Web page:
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July 10, 2012
The Opening by Nike took place over the weekend with testing and camp on Friday and 7-on-7 and Big Man Challenge on Saturday and Sunday. Rivals.com national analyst Mike Farrell was there for all the action and, as has become customary for big events, he breaks down the best and the worst in his Farrell Awards, led by tight end O.J. Howard, who is making a case for something even better than five-star status.
Lightning in a bottle
This award usually goes to a smaller player with great footwork who dominates in space and has an amazing suddenness to him. However, this time around it goes to a massive tight end in Autauga (Ala.) Academy star O.J. Howard, who was the best all-around prospect at the camp when it comes to athleticism, size and rarity. I have never seen a tight end with so many gifts in my decade-plus covering prospects and his performance would have been even better had he been targeted more. Howard is a clear five-star, there's no hiding that, but can he make a push up to the top of the rankings charts?
Honorable mention: St. Petersburg (Fla.) Catholic running back Ryan Green is very explosive, has excellent feet and he has very good hands for a running back. He made some of the most electric plays of the weekend, highlighted by a one-handed catch over linebacker Matthew Thomas for a score. His ability to turn the corner was remarkable as well as he outran a few players even though it's one-hand touch.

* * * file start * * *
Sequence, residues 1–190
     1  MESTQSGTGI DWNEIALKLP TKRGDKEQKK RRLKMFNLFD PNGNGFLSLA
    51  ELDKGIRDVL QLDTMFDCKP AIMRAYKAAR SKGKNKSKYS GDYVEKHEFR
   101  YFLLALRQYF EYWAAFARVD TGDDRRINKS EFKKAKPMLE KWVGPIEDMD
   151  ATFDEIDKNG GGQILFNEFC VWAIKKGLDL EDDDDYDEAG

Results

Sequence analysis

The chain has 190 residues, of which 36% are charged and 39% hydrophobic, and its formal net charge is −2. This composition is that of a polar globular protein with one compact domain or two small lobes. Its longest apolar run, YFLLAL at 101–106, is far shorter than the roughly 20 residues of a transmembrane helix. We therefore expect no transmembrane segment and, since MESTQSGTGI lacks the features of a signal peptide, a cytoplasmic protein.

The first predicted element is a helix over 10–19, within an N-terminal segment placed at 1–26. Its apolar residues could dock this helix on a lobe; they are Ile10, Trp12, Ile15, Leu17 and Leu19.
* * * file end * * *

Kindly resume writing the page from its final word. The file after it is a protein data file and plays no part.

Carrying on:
This is for the player who looks the best off the bus at his particular position. Once again this has to go to O.J. Howard, who looks more like Dwight Howard physically with his massive shoulders, thin waist and so much room to add good weight. He was the one player catching the ball you could see from more than 100 yards away and know it was him. However, Howard might be too easy a choice, so let's go with Plano (Texas) Prestonwood Christian Academy linebacker Mike Mitchell, who looks like a slightly smaller version of Brian Cushing coming out of high school. The kid is ripped and will be a 250-pound monster in no time.
Honorable mention: Auburn, Ala. linebacker Reuben Foster once again looked great physically before he went down very early with an injury, but the guy who stood out to me was offensive lineman Steve Elmer. Elmer, from Midland, Mich., has a great tackle body. He's massive at 6-foot-6 and over 300 pounds and he doesn't carry a ton of bad body weight. Once he gets into a college weight room and training program, he will be a monster.
This award goes to the smallest player who had the biggest impact. That's Charleston (W.V.) George Washington athlete Ryan Switzer. Switzer is very difficult to cover in a camp setting because he changes direction so well and has excellent burst. For safeties and linebackers trying to check him in the slot, it's nearly impossible because he's so low to the ground and quick. He was a big part of his team's run to the title this weekend.